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Everyone would love to find the perfect stock. But will you ever really find a stock that gives you everything you could possibly want?
One thing's for sure: If you don't look, you'll never find truly great investments. So let's first take a look at what you'd want to see from a perfect stock, and then decide if General Dynamics (NYSE: GD ) fits the bill.
The quest for perfection
When you're looking for great stocks, you have to do your due diligence. It's not enough to rely on a single measure, because a stock that looks great based on one factor may turn out to be horrible in other ways. The best stocks, however, excel in many different areas, which all come together to make up a very attractive picture.
Some of the most basic yet important things to look for in a stock are:
- Growth. Expanding businesses show healthy revenue growth. While past growth is no guarantee that revenue will keep rising, it's certainly a better sign than a stagnant top line.
- Margins. Higher sales don't mean anything if a company can't turn them into profits. Strong margins ensure a company is able to turn revenue into profit.
- Balance sheet. Debt-laden companies have banks and bondholders competing with shareholders for management's attention. Companies with strong balance sheets don't have to worry about the distraction of debt.
- Money-making opportunities. Companies need to be able to turn their resources into profitable business opportunities. Return on equity helps measure how well a company is finding those opportunities.
- Valuation. You can't afford to pay too much for even the best companies. Earnings multiples are simple, but using normalized figures gives you a sense of how valuation fits into a longer-term context.
- Dividends. Investors are demanding tangible proof of profits, and there's nothing more tangible than getting a check every three months. Companies with solid dividends and strong commitments to increasing payouts treat shareholders well.
With those factors in mind, let's take a closer look at General Dynamics.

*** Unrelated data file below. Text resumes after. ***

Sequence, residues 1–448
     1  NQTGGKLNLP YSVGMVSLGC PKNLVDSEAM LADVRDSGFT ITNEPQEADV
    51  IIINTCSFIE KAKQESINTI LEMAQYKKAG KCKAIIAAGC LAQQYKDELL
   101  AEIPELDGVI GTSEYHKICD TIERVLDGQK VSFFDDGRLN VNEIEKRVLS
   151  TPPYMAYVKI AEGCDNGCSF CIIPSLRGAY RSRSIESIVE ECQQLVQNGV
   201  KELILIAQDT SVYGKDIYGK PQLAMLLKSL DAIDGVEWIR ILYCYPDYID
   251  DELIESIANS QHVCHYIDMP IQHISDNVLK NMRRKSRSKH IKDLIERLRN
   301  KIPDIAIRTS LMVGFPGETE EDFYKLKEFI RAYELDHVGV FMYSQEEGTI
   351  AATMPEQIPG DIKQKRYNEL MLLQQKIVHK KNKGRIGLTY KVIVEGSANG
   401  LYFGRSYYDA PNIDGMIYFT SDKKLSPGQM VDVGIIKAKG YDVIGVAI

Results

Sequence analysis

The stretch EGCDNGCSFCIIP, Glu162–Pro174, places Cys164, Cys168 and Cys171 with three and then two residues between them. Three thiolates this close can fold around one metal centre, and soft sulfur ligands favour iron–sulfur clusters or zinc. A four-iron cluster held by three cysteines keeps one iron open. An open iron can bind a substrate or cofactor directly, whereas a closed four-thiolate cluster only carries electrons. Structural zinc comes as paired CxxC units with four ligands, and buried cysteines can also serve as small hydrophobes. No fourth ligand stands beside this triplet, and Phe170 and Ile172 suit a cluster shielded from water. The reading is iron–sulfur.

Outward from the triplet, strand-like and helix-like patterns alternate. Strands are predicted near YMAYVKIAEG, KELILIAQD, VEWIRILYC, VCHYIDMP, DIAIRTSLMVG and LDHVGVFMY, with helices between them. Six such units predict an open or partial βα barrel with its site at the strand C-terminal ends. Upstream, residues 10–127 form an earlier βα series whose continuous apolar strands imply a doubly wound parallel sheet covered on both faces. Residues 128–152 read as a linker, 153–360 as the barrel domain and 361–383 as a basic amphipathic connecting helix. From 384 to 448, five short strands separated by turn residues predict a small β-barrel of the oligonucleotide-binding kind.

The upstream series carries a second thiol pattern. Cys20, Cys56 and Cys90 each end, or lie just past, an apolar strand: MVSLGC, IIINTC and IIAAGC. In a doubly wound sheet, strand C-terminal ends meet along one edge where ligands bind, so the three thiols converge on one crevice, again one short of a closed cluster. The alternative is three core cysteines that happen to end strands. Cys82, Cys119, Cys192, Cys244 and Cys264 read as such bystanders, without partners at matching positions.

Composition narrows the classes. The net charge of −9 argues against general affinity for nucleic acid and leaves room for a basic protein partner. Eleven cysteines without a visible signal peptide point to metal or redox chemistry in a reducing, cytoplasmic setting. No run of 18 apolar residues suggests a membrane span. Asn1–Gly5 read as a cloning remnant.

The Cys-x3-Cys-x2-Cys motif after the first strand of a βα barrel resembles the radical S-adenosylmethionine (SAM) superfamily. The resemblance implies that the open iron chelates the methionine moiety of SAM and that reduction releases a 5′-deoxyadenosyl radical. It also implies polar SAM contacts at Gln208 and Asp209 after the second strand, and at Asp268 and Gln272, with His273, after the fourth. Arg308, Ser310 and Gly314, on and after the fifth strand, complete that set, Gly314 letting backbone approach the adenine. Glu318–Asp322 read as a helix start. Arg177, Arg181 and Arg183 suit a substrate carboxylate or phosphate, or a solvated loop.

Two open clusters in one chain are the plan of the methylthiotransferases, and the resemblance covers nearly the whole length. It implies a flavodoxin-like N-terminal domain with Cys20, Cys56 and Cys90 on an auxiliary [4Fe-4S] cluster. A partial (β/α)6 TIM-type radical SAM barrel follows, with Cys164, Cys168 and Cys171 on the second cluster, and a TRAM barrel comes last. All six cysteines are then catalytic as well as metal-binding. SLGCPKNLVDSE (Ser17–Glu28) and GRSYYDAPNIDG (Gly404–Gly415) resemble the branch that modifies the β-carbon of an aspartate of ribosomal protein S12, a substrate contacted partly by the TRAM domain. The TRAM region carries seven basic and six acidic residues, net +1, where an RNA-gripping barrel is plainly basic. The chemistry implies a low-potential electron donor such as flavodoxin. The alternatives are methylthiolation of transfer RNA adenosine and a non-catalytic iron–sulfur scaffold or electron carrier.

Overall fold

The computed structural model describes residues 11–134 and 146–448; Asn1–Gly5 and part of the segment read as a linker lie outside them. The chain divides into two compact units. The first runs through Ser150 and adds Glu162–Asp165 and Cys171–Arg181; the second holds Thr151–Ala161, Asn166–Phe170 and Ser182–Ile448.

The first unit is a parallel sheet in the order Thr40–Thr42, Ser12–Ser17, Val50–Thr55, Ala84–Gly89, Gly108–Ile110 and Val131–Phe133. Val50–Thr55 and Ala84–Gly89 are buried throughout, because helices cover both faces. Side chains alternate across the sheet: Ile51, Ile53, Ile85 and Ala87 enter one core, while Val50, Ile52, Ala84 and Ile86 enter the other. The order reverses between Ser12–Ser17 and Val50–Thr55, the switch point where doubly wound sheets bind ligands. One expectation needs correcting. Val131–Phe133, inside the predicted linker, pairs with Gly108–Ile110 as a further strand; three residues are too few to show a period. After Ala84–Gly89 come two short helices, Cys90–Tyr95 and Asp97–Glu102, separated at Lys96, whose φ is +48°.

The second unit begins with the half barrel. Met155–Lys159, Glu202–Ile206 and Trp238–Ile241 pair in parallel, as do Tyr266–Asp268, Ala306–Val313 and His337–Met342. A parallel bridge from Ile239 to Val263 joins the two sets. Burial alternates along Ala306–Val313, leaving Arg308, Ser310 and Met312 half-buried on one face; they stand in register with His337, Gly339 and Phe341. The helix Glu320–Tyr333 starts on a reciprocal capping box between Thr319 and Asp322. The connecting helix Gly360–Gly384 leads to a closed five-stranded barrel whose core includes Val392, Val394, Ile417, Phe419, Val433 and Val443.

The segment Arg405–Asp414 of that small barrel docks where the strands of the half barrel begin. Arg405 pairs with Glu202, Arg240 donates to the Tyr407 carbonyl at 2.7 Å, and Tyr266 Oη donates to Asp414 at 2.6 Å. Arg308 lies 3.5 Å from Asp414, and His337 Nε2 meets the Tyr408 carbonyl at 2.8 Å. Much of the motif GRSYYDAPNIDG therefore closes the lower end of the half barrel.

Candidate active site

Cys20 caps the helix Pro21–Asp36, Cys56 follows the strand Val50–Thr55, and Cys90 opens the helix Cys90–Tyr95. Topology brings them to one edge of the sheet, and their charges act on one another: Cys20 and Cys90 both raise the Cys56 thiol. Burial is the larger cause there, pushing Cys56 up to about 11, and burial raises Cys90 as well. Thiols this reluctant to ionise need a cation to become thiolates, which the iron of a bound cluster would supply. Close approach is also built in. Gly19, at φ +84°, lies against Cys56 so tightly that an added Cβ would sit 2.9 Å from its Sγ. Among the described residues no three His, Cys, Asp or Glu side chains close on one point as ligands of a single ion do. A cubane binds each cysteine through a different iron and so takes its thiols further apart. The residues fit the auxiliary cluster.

|Factor||What We Want to See||Actual||Pass or Fail?|
|Growth||5-year annual revenue growth > 15%||9.8%||fail|
|1-year revenue growth > 12%||0.4%||fail|
|Margins||Gross margin > 35%||17.9%||fail|
|Net margin > 15%||7.7%||fail|
|Balance Sheet||Debt to equity < 50%||30.1%||pass|
|Current ratio > 1.3||1.34||pass|
|Opportunities||Return on equity > 15%||20.5%||pass|
|Valuation||Normalized P/E < 20||11.17||pass|
|Dividends||Current yield > 2%||2.7%||pass|
|5-year dividend growth > 10%||16.1%||pass|
|Total Score||6 out of 10|
Source: Capital IQ, a division of Standard and Poor's. Total score = number of passes.
With a score of six, General Dynamics puts in a good performance. Although it hasn't seen much growth lately, the company is in good financial shape and offers appealing value even as the overall stock market has risen over the past year and a half.
As a major defense contractor, General Dynamics is vulnerable to the whims of the federal government's spending practices. Last month, the company announced that unless the Pentagon funded its Autonomous Navigation System project, it would have to lay off more than 100 workers.
But General Dynamics is in a stronger position to weather adversity than its peers. Competitor Boeing (NYSE: BA ) has a higher levels of debt, and Lockheed Martin (NYSE: LMT ) recently disappointed with earnings. Also, after seeing its F-22 program die on the Pentagon chopping block, Lockheed is extremely reliant on strong F-35 support in the coming decades.
The greater threat, though, may come from below. Small competitors such as iRobot (Nasdaq: IRBT ) and Force Protection (Nasdaq: FRPT ) , who can nimbly offer innovative products in niche areas, may have the upper hand in grabbing business from an increasingly cost-conscious defense industry. Meanwhile, as the maker of Gulfstream private jets, General Dynamics has seen increased competition from Brazil's Embraer (NYSE: ERJ ) .
Despite federal budget pressures, defense spending isn't going away anytime soon, and General Dynamics is still poised to benefit from that. Long term, though, adding geographical diversity to its U.S.-centered business may be the key to reigniting growth.
No stock is a sure thing, but some stocks are a lot closer to perfect than others. By looking for the perfect stock, you'll go a long way toward improving your investing prowess and learning how to separate out the best investments from the rest.
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